A horse owner who claimed a veterinary surgeon was negligent in carrying out of a pre-purchase examination on a horse which she bought but later had to have put down has lost her action for damages in the High Court.
Philipa Grahame Knowles, whose livery yard in Shropshire, England, broke in horses for eventing trials, sued John Halley, practising and trading as O'Byrne and Halley Veterinary Surgeons, Fethard, Co Tipperary.
It was claimed Mr Halley failed to identify, from pre-purchase X-rays, defects in the spine of the horse she wanted to buy, called Brockagh Rock.
She originally brought the case in the Circuit Court, which found in her favour, but Mr Halley appealed to the High Court.
Today, Mr Justice Charles Meenan overturned that decision.
He said a difference of opinion between veterinary surgeons as to the interpretation of spinal X-rays would not, of itself, be negligence.
Earlier, he said Ms Knowles, who is now retired, had sought pre-purchase examination, particularly in relation to the horse's spine, because she had previous experience with a horse called Pluto which reached three-star level and gained some 120 British eventing points.
However, Pluto developed what is known as "kissing spine" whereby spinous processes, for sections of bone attached to the vertebrae, are too close together or impinge/overlap on each other. Pluto was forced into retirement as a result.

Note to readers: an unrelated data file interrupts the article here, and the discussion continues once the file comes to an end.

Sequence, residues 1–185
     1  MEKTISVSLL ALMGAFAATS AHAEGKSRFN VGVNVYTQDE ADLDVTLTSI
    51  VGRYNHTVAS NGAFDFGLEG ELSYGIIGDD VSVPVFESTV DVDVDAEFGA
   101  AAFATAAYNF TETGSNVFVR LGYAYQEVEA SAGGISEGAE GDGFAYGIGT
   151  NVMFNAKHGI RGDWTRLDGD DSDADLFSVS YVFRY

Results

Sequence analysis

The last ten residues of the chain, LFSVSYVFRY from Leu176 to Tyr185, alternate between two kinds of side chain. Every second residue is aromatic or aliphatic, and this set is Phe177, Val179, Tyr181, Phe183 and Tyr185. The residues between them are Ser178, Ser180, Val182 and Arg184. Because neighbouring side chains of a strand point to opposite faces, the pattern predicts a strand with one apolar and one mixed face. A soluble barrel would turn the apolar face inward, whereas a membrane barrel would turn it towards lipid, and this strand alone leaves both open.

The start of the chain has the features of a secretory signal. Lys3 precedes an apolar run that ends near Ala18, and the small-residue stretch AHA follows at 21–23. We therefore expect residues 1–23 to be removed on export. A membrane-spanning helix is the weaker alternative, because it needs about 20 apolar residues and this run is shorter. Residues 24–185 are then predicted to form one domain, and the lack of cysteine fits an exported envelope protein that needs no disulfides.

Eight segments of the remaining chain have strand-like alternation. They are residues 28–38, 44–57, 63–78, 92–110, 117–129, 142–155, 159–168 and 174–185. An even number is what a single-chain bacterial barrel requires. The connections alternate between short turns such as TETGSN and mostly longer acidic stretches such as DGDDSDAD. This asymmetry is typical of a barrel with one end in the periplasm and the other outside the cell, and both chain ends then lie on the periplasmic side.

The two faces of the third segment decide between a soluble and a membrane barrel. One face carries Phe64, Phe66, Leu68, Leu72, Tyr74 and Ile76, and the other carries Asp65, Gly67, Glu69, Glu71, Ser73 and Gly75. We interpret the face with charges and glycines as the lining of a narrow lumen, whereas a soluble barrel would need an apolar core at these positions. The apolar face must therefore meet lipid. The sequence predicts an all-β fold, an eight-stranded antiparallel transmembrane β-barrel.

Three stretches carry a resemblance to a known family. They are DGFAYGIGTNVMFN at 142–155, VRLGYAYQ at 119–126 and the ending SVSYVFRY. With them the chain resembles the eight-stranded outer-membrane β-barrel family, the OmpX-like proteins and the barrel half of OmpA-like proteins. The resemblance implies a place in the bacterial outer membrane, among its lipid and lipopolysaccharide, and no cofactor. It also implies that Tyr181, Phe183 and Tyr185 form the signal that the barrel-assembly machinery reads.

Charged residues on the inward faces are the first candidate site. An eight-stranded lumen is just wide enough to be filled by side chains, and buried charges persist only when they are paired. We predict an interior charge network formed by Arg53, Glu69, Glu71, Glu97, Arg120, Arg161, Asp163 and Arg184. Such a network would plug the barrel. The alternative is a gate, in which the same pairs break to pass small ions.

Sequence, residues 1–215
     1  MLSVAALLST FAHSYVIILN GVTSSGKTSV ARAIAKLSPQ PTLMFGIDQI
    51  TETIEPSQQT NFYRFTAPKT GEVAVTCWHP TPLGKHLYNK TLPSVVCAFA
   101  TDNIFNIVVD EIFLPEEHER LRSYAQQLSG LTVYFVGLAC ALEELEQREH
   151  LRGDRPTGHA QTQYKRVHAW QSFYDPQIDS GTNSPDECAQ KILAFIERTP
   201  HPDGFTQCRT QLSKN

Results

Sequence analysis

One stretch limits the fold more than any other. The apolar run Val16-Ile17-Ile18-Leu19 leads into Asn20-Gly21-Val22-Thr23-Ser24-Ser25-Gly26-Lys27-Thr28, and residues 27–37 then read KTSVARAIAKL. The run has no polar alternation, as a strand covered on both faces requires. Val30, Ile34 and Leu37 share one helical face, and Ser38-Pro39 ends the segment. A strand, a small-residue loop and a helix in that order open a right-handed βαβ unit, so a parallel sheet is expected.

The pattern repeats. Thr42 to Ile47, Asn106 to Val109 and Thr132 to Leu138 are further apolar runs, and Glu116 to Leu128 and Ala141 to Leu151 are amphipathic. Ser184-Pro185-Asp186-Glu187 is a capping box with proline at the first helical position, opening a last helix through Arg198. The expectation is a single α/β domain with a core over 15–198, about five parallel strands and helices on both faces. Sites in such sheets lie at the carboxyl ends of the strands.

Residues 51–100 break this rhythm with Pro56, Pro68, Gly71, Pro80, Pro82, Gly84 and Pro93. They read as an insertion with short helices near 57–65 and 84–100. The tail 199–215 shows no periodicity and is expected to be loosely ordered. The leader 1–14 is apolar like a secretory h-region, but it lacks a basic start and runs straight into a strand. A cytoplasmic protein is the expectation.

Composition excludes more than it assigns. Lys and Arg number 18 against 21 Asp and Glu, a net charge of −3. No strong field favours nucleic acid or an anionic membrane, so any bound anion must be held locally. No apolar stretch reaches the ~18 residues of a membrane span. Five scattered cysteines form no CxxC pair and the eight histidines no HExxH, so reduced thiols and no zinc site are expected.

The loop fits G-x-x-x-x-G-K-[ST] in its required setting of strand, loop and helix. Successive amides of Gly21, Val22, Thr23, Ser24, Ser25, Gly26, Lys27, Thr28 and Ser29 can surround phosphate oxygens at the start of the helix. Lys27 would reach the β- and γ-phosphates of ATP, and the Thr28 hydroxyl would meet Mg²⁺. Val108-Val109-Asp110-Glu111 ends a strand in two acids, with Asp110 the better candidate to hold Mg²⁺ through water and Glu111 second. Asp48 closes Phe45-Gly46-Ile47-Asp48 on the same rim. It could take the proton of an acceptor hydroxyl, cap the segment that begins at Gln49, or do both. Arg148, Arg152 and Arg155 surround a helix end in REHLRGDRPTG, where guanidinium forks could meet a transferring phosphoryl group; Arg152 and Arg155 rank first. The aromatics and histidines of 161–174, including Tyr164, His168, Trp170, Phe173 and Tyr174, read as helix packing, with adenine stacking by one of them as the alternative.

Anxious that the same would not befall Brockagh Rock, she asked Mr Halley to do a pre-purchase examination with particular emphasis on back X-rays.
Mr Halley found no obvious abnormalities and she bought the animal in January 2013.
However, despite a reasonable start, the horse developed serious problems, the judge said. By July 2013, it had deteriorated to such a point that there were serious safety issues in riding him for eventing and he was later put down.
Mr Justice Meenan said the evidence on behalf of Ms Knowles did not go so far as to establish that consequent injuries sustained by the horse were caused by the abnormalities she claimed were present during the pre-purchase exam.
A veterinary surgeon called by the Halley side said it was highly unlikely the pain suffered by the horse could be attributed to the spinal process.
The judge found there was no significant divergence between the veterinary evidence called for each side and it amounted to no more than a difference of opinion.
He allowed the appeal and discharged the order of the Circuit Court.